need for a universal tool of the type described herein to
open the various types of containers presently utilized for
the containment of foods, paints, and other items of a
similar nature.
Although but one embodiment of the invention has
been shown and described, it should be apparent to one
skilled in the art to which this invention relates that vari
ous modi?cations of the invention are possible without
departing from the spirit and scope of the invention as
de?ned in the subjoined claim.
The principles of the invention having now been fully
explained in ‘connection with the foregoing description of
the embodying structure and as shown in the drawings,
we hereby claim as our invention:
A can perforator device operative to effectively perfo
rate and form a pour spout in a container and comprising
a lower member disposed to engage the end face of a
type found on paint and syrup containers. The pry edge
34 is suf?ciently wide to permit good retention with the
container, a projecting hook depending from said lower
container cover regardless of the diametrical size thereof.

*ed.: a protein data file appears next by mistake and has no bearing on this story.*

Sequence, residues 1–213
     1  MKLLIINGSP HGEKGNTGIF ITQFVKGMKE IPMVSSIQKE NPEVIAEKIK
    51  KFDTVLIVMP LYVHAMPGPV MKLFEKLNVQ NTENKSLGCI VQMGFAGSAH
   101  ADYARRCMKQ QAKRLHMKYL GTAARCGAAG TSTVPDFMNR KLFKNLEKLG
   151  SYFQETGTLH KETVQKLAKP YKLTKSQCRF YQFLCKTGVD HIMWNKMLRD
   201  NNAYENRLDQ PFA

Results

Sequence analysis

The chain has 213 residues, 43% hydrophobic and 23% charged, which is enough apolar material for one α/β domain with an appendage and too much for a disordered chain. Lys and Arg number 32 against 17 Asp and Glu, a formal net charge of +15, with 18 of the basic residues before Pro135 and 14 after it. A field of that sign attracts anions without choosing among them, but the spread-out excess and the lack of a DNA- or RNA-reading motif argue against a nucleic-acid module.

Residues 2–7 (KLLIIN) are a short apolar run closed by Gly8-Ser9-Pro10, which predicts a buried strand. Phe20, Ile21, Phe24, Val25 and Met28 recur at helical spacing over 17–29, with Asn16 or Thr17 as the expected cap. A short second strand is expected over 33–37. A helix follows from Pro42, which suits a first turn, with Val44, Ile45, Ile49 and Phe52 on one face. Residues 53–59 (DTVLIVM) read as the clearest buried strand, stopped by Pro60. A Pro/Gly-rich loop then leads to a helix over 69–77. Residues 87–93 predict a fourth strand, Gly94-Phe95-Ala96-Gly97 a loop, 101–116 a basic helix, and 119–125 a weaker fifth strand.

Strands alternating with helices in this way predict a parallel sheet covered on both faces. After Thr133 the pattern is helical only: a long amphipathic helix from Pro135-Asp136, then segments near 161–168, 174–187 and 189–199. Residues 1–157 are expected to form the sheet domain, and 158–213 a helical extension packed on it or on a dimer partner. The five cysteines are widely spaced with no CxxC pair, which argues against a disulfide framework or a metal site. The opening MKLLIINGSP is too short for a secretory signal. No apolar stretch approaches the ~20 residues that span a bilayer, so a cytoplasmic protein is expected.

member and having a curved lip'edge serving to engage
When used for this purpose, the lower member 13 is
grasped independently of the member 14 so that the mem 70 the peripheral sidewall of a container, a forming notch
ber can be readily manipulated into position against the
centraiiy disposed in said curving lip edge, an upper
member hingedly secured to said lower member substan
tially above said hook, a pour spear integrally formed
and depending from said upper member, an opening in
rectly behind the pryedge 34. Thus, a considerable lat
eral pressure can be applied manually to the member 13 75 said lower member to permit free passage of said spear
container cover. The member is stiffened by the use of
stamped ribs 35 and 36 which converge at a point di
3,027,684
5
6
therethrough, and a crowned rib on said pour spear op
References Cited in the file at this patent
erativeiy disposed to be moved adjacent to and facing
the forming notch in said hook, the spear being operative
to engage and cut a triangular tongue from the top of a
container and thereafter form the tongue and adjacent 5
sidewall between said spear rib and said forming notch
in said hook whereby ‘a uniformly shaped pour spout is
created.
UNITED STATES PATENTS
2,461,769
2,712,177
2,715,264
2,721,381
2,814,102
Venne _______________ __ Feb. 15, 1949
Bauer ________________ __ July 5, 1955
Atwater et a1 _________ __ Aug. 16, 1955
Wiemeri _____________ __ Oct. 25, 1955
Hon ________________ __ Nov. 26, 1957